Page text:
The following articles are related to the topic of ALTAR

Jeremiah and Lamentations

Jeremiah is one of the more remarkable characters of the Bible. He might be characterized as a prophet of "tears and terror." At one moment, his great heart throbs with anguish over the wickedness of his national kinsmen, and we behold him weeping. If tears could have washed away Judah's sins, surely his would have done so. At another time, ... read more »

Some Contrasts Between the Nature of the Mosaic System and Christianity

Paul once wrote: "But I say that so long as the heir is a child, he differs nothing from a bondservant though he is lord of all; but is under guardians and stewards until the day appointed of the father. So we also, when we were children, were held in bondage under the rudiments of the world" (Gal. 4:1-3). In ... read more »

Paul’s “Mother”

The last chapter of the book of Romans is highly personal. Therein Paul alludes to no fewer than twenty-nine people in Rome, about a third of whom he knew from earlier associations. Amidst this listing is this curious passage. "Salute Rufus the chosen in the Lord, and his mother and mine" (Rom. 16:13). It is widely believed, due to certain ... read more »

The Rescue of Christ — So-Called

Solomon once declared that "of the making of many books there is no end; and much study is a weariness of the flesh" (Eccl. 12:12). Truly, books roll from the presses by the millions - year after year. Not infrequently books reveal that they have been buttressed by "much study" which generates a "weariness of the flesh." Some of them ... read more »

In the Days of His Flesh

It is one of the most touching passages in the entire book of Hebrews. A portion of the verse reads like this: "Who in the days of his flesh, having offered up prayers and supplications with strong crying and tears unto him who was able to save him from death" (Heb. 5:7). The immediate context deals with the qualifications of ... read more »

The Value of Old Testament Study

Several NewTestament passages teach the temporary design of the Old Testament system (the Law of Moses), and the fact that the new covenant of Christ superseded the Old (Col. 2:14; Eph. 2:14-15; Gal. 3:23-25; Rom. 7:1-6; Heb. 6:12; 9:15-17). If the Old Testament has been abrogated, why should a person be concerned with studying it? This is a question pondered ... read more »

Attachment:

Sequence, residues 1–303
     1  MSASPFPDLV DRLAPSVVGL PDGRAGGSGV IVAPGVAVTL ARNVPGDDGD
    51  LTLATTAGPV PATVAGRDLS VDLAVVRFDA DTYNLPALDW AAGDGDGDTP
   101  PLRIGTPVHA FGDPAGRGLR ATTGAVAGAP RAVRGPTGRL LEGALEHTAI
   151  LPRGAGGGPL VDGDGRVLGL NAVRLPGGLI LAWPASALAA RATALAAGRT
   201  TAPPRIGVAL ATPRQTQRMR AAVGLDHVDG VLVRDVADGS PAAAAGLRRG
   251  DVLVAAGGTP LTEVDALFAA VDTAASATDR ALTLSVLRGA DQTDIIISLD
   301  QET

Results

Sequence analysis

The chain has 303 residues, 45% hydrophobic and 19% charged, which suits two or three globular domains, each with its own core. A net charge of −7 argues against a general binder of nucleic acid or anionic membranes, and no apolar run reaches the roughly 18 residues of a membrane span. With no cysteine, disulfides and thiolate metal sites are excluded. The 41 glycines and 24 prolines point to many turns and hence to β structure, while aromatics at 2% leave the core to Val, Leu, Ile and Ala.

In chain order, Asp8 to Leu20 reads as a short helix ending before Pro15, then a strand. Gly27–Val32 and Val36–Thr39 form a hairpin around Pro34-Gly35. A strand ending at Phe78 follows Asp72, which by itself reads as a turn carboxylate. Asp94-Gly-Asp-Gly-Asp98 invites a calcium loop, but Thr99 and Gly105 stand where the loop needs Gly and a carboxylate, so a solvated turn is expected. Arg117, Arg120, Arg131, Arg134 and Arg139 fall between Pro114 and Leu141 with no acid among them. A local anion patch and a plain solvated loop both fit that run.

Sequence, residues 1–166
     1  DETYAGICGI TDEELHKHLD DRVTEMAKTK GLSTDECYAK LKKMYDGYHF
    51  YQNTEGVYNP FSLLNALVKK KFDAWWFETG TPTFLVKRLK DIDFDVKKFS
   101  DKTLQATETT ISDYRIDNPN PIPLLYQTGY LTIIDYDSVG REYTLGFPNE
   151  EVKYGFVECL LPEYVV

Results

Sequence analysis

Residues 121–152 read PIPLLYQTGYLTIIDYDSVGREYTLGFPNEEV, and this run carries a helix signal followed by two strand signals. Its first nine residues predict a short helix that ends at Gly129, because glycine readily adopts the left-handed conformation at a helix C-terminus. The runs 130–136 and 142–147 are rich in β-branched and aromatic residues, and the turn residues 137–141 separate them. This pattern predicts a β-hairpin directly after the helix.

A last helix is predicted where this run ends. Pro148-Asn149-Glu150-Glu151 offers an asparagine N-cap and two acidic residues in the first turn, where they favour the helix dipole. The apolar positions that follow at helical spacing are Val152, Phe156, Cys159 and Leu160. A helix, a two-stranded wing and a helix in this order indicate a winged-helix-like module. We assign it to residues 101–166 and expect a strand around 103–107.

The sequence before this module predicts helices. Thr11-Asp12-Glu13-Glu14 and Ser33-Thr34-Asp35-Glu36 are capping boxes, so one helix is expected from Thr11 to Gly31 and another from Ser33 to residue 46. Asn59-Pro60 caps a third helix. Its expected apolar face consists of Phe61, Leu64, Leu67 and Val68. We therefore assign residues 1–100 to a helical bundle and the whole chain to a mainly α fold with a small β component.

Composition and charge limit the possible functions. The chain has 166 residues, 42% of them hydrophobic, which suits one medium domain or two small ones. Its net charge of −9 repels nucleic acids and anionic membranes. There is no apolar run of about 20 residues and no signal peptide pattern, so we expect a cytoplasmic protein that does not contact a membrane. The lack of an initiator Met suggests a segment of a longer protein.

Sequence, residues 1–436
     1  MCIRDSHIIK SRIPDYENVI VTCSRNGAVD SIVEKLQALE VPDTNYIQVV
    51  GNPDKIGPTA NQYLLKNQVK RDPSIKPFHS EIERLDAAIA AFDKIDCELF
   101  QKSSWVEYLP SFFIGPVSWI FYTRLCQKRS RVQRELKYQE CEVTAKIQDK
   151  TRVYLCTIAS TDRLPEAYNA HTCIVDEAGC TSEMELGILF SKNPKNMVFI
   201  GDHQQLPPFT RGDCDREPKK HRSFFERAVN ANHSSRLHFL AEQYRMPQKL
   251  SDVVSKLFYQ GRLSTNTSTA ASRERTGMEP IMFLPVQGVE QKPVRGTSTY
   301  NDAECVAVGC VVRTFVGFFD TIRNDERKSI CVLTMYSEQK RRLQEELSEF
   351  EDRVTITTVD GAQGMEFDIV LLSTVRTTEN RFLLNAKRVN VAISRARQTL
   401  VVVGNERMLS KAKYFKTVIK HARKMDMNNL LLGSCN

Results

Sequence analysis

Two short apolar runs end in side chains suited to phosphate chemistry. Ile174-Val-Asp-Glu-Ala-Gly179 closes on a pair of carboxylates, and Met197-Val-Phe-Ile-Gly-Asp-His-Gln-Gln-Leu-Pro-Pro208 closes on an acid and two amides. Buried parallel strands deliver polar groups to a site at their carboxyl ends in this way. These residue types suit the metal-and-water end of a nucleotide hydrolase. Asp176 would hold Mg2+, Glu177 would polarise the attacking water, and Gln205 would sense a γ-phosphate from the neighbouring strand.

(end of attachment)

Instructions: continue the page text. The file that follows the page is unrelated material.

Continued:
The Gospel Writers and Their Quotations from Jesus

Why did the writers of the Gospels sometimes quote Jesus differently? Should not their quotations agree with one another? This troubles me. This is a good question but the alleged problem is not of serious import. Let us consider the following factors. General Principles First, it has long been recognized that in referring to another's audible use of language, or ... read more »

What Is Truth? — A Question for the Ages

It was an engaging encounter. Pontius Pilate was the procurator for the Roman government. Jesus Christ was the Son of God. The two stood eye-to-eye. "Are you the king of the Jews?," inquired the governor. Essentially, the Lord replied, "I am a king, but not in the way you think." Then the Savior affirmed: "To this end have I been ... read more »

A Reflection Upon Three Crosses

Crucifixion was probably the most horrible form of capital punishment ever devised by man. The ancient Persians practiced it (ca. 522 B.C.); for example, when Darius, a Persian ruler, conquered Babylon (the second conquest), he had three thousand leading citizens crucified (Herodotus, The Histories 3.159). Later crucifixion became a mode of Greek execution. Following the destruction of Tyre, Alexander the ... read more »

The Significance of the Day of Pentecost

Acts chapter ten is a very unique portion of the New Testament. It commences by introducing the reader to a splendid citizen of Caesarea, a Roman centurion whose name was Cornelius. Though a Gentile, Cornelius had been attracted to the concept of Israel's one God. Hence, he was devoutly religious and a splendid example of high moral ideals. He was, ... read more »